Christopher Whitt, vice provost for Institutional Diversity and Inclusion, said that developing an action plan, rolling out training, helping in the Omaha community and understanding its history are all important steps in promoting anti-racism across Creighton.
Whitt was a panelist in the Creighton Students Union virtual town hall held on July 21, during which panelists answered student questions about racial injustice and the campus reopening plan.
National protests following the May 25 death of George Floyd, a Black man, at the hands of a Minneapolis police officer, have given momentum to the Black Lives Matter movement, which is calling for an end to racial injustice in institutions across the U.S.
The CSU town hall was an opportunity to continue that conversation at Creighton.
Whitt said that he; Becky Nickerson, the director of the Creighton Intercultural Center; and a number of others — a total of about 15 people — attended the Summer Institute on Truth, Racial Healing and Transformation held by the American Association of Colleges and Universities, where they developed an action plan for Creighton. Whitt said the plan is currently being reviewed by the AACU.
He emphasized that in order to have a shared understanding of anti-racism at Creighton, faculty, staff and administrators need to be better equipped to hold these kinds of conversations and educate students on racial injustice.
“The first step in working on this is recognizing that we deal with these systems, and then working to get better, as opposed to putting all the weight on the few people of color here, or, particularly, the few Black folks on faculty/staff, or a few Black students,” he said. “It needs to be the work of everyone, and we need to do that collectively.”
Creighton University African American Student Association President Sunny Washington, a sophomore in the Heider College of Business, said that in addition to reporting an incident, students should call out racist statements and microaggressions as they occur.
“We don’t necessarily need authority to take that action,” she said.
Whitt echoed this idea by encouraging students to use what he called their “spheres of influence” in friend groups, study circles, clubs, sororities, fraternities and workplaces to call out racist remarks and introduce conversation.
Nickerson, director of the CIC, said that in addition to providing support for multicultural students and organizations, the center also has programming and training to create a campus-wide dialogue. Its educational training includes: “Wheel of Fortune,” an activity for RSP groups addressing privilege; implicit bias training with Public Safety; training for resident advisors on the culture of humility and the culture of dialogue; and stone catchers training for being an active bystander.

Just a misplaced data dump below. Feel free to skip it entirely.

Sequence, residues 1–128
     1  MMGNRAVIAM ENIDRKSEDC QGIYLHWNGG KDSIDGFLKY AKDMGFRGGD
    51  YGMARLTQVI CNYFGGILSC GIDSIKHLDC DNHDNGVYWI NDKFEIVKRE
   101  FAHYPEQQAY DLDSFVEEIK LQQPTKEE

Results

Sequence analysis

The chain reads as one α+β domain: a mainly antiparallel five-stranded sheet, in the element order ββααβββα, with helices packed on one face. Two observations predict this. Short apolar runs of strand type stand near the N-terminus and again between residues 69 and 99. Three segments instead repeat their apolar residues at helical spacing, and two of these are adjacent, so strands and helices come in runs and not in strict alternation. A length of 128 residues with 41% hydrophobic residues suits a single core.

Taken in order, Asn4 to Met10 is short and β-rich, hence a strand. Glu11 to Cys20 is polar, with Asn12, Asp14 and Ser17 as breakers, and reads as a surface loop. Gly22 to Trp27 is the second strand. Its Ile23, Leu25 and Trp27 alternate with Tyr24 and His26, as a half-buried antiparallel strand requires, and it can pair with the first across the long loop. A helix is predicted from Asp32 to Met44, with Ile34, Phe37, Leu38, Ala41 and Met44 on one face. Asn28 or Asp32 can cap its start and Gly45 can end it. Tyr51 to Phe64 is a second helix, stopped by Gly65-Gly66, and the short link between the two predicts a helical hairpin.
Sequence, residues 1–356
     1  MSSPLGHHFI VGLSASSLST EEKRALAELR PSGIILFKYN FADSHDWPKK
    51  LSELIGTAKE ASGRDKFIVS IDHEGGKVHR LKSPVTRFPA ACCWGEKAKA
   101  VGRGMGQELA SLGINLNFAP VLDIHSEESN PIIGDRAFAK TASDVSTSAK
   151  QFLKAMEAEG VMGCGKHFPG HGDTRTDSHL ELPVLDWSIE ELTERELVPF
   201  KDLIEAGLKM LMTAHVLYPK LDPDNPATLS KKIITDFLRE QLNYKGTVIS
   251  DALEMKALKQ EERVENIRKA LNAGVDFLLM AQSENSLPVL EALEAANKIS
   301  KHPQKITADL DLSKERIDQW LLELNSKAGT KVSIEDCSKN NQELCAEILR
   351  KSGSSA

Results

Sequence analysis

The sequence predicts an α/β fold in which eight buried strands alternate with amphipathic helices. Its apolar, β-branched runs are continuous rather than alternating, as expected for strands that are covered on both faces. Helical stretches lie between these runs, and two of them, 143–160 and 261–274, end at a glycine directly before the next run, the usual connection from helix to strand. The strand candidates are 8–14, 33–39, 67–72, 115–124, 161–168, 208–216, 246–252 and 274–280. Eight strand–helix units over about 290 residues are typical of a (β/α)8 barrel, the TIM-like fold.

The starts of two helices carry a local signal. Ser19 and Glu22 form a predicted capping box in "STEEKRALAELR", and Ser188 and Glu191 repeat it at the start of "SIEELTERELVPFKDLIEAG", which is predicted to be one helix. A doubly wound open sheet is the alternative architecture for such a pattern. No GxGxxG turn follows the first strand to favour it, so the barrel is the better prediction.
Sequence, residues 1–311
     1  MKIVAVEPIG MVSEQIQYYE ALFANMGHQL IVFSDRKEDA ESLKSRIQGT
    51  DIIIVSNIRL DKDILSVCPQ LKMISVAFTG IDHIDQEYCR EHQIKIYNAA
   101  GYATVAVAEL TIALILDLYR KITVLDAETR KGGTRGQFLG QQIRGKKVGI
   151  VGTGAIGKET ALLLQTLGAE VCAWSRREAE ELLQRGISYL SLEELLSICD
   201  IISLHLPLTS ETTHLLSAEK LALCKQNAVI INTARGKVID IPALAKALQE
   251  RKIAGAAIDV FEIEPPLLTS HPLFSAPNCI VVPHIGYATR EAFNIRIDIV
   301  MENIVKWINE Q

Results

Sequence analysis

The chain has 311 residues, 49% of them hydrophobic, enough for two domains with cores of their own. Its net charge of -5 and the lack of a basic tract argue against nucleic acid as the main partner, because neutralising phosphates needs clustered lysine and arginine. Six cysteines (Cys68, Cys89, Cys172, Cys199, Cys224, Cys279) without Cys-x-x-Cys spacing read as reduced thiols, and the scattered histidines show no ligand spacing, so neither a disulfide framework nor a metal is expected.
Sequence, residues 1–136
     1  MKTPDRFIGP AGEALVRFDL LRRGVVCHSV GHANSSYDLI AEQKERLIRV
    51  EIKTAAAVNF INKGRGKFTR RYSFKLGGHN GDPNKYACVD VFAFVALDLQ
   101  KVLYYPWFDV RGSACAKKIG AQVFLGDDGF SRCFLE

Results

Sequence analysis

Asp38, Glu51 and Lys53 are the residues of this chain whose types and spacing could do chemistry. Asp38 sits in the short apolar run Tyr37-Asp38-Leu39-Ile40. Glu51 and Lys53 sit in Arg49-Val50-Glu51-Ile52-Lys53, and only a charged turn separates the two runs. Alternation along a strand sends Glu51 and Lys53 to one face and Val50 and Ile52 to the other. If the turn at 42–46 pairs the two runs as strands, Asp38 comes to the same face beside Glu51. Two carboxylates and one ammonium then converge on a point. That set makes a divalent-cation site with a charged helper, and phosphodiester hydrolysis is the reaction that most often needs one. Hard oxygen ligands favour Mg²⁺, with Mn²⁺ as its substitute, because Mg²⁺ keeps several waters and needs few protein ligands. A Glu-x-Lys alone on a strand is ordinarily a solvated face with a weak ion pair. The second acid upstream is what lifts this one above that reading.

This summer, the CIC held a program called “Talk About it Tuesdays” and started a book club reading “How to be an Anti-Racist” by Ibram X. Kendi.
In response to a question about racism in Fraternity and Sorority Life, Michele Bogard, associate vice provost for Student Engagement, called on FSL leaders to actively engage their peers. She said all chapters need to hold stone catchers training on how to be an active bystander.
Allison Taylor, executive director of the Office of Equity and Inclusion, handles complaints about discrimination and discriminatory harassment and was also on the panel.
She said students should report microaggressions from faculty by talking to the dean, a department head or someone else the student is comfortable with. She said this is a way to start a dialogue with the faculty member about the microaggression used.
She also said the office is working on different ways to address bias and developing “restorative justice” options for people with complaints. When the university handles complaints, they can’t share private information on how the inappropriate conduct was handled, Taylor said. But she said the office is working to develop “more opportunities for people to really talk about how they were impacted by an incident ... and helping to develop a resolution that feels like they have more control over an outcome and they're involved in that process.”
Whitt closed out the discussion by saying that inclusivity on campus must happen first, and diversity will come after.
“When we have a welcoming and inclusive environment where we really take a look at our culture, we look at what we're doing … to make this a destination of choice, a place where people, regardless of their intersecting identities and their backgrounds, they feel like they can be their full and authentic selves and thrive, then you get to the diversity part,” Whitt said. “Then you get to the part where you're able to successfully recruit and retain faculty, students, staff from a wide variety of backgrounds.”
A recording of the racial injustice and COVID-19 town hall has been made available by CSU here.